1. To touch or hit with some force, either with the hand or with an instrument; to smite; to give a blow to, either with the hand or with any instrument or missile. "He at Philippi kept His sword e'en like a dancer; while I struck The lean and wrinkled Cassius." (Shak)
3. To give, as a blow; to impel, as with a blow; to give a force to; to dash; to cast. "They shall take of the blood, and strike it on the two sideposts." (Ex. Xii. 7) "Who would be free, themselves must strike the blow." (Byron)
8. To lower; to let or take down; to remove; as, to strike sail; to strike a flag or an ensign, as in token of surrender; to strike a yard or a topmast in a gale; to strike a tent; to strike the centering of an arch.
9. To make a sudden impression upon, as by a blow; to affect sensibly with some strong emotion; as, to strike the mind, with surprise; to strike one with wonder, alarm, dread, or horror. "Nice works of art strike and surprise us most on the first view." (Atterbury) "They please as beauties, here as wonders strike." (Pope)
10. To affect in some particular manner by a sudden impression or impulse; as, the plan proposed strikes me favorably; to strike one dead or blind. "How often has stricken you dumb with his irony!" (Landor)
19. To lade into a cooler, as a liquor.
21. To advance; to cause to go forward; used only in past participle. "Well struck in years." To strike an attitude, To strike a balance. See Attitude, and Balance. To strike a jury To cause a player to strike out; said of the pitcher. See To strike out, under Strike, To strike sail. See Sail. To strike up. To cause to sound; to begin to beat. "Strike up the drums." . To begin to sing or play; as, to strike up a tune. To raise (as sheet metal), in making diahes, pans, etc, by blows or pressure in a die. To strike work, to quit work; to go on a strike.
Origin: Struck; Struck, Stricken (Stroock, Strucken,); Striking. Struck is more commonly used in the p.p. Than stricken] [OE. Striken to strike, proceed, flow, AS. Strican to go, proceed, akin to D. Strijken to rub, stroke, strike, to move, go, G. Streichen, OHG. Strihhan, L. Stringere to touch lightly, to graze, to strip off (but perhaps not to L. Stringere in sense to draw tight), striga a row, a furrow. Cf. Streak, Stroke.
2. To deliver a quick blow or thrust; to give blows. "And fiercely took his trenchant blade in hand, With which he stroke so furious and so fell." (Spenser) "Strike now, or else the iron cools." (Shak)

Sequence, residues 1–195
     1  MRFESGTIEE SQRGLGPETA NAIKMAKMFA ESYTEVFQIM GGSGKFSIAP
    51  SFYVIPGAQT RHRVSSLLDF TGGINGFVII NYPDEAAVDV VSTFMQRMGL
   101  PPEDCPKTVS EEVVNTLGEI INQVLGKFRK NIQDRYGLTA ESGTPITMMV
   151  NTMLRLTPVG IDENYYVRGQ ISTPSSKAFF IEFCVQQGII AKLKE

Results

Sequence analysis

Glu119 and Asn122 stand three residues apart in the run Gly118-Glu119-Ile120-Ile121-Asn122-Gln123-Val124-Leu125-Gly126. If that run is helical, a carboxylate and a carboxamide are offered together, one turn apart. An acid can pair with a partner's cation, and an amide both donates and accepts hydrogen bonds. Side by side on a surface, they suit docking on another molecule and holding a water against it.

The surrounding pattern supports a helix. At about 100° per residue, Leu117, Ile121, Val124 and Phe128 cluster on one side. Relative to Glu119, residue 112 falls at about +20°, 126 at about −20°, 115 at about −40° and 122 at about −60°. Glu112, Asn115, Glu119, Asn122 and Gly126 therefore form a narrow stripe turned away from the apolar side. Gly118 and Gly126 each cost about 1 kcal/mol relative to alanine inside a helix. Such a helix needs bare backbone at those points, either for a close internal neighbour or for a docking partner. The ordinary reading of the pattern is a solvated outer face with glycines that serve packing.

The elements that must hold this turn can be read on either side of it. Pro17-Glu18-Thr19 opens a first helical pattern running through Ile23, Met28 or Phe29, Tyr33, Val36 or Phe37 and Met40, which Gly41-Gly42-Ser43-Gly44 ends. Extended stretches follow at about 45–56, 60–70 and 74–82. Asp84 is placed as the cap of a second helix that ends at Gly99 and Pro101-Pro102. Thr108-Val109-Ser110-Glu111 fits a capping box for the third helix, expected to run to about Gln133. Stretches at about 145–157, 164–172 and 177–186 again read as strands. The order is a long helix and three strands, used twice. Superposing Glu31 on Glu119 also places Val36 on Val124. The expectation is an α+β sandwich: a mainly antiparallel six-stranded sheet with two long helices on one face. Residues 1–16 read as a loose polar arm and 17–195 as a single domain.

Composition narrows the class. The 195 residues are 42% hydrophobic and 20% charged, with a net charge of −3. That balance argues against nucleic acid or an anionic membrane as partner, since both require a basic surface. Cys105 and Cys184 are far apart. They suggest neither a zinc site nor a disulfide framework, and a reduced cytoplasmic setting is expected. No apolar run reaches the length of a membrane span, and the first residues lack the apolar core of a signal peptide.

8. To pass with a quick or strong effect; to dart; to penetrate. "Till a dart strike through his liver." (Prov. Vii. 23) "Now and then a glittering beam of wit or passion strikes through the obscurity of the poem." (Dryden)
12. To become attached to something; said of the spat of oysters.
13. To steal money. To strike at, to aim a blow at. To strike for, to start suddenly on a course for. To strike home, to give a blow which reaches its object, to strike with effect. To strike in. To enter suddenly. To disappear from the surface, with internal effects, as an eruptive disease. To come in suddenly; to interpose; to interrupt. "I proposed the embassy of Constantinople for Mr. Henshaw, but my Lord Winchelsea struck in." . To join in after another has begun,as in singing. To strike in with, to conform to; to suit itself to; to side with, to join with at once. "To assert this is to strike in with the known enemies of God's grace." . To strike out. To start; to wander; to make a sudden excursion; as, to strike out into an irregular course of life. To strike with full force.
To be put out for not hitting the ball during one's turn at the bat. To strike up, to commence to play as a musician; to begin to sound, as an instrument. "Whilst any trump did sound, or drum struck up." .
1. The act of striking.
7. The act of quitting work; specifically, such an act by a body of workmen, done as a means of enforcing compliance with demands made on their employer. "Strikes are the insurrections of labour." (F. A. Walker)
8. A puddler's stirrer.
9. <geology> The horizontal direction of the outcropping edges of tilted rocks; or, the direction of a horizontal line supposed to be drawn on the surface of a tilted stratum. It is at right angles to the dip.
10. The extortion of money, or the attempt to extort money, by threat of injury; blackmailing. Strike block The act of emptying the teache, or last boiler, in which the cane juice is exposed to heat, into the coolers. The quantity of the sirup thus emptied at once.
(01 Mar 1998)
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